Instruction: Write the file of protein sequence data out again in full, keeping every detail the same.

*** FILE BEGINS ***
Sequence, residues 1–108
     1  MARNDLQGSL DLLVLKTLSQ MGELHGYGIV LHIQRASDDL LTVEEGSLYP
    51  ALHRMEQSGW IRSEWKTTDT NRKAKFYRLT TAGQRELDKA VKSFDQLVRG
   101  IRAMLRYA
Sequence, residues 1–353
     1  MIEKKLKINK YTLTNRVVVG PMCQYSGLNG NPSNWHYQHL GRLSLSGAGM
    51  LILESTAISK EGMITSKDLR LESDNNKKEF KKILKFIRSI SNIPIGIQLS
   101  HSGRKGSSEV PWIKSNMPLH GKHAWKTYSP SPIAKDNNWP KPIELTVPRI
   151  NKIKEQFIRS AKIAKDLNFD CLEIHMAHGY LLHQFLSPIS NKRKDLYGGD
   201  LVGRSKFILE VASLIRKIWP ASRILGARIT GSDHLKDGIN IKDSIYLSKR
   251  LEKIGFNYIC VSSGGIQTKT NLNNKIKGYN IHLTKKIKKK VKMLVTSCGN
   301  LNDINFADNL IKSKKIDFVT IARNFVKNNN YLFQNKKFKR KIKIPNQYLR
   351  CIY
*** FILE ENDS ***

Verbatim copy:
Sequence, residues 1–108
     1  MARNDLQGSL DLLVLKTLSQ MGELHGYGIV LHIQRASDDL LTVEEGSLYP
    51  ALHRMEQSGW IRSEWKTTDT NRKAKFYRLT TAGQRELDKA VKSFDQLVRG
   101  IRAMLRYA
Sequence, residues 1–353
     1  MIEKKLKINK YTLTNRVVVG PMCQYSGLNG NPSNWHYQHL GRLSLSGAGM
    51  LILESTAISK EGMITSKDLR LESDNNKKEF KKILKFIRSI SNIPIGIQLS
   101  HSGRKGSSEV PWIKSNMPLH GKHAWKTYSP SPIAKDNNWP KPIELTVPRI
   151  NKIKEQFIRS AKIAKDLNFD CLEIHMAHGY LLHQFLSPIS NKRKDLYGGD
   201  LVGRSKFILE VASLIRKIWP ASRILGARIT GSDHLKDGIN IKDSIYLSKR
   251  LEKIGFNYIC VSSGGIQTKT NLNNKIKGYN IHLTKKIKKK VKMLVTSCGN
   301  LNDINFADNL IKSKKIDFVT IARNFVKNNN YLFQNKKFKR KIKIPNQYLR
   351  CIY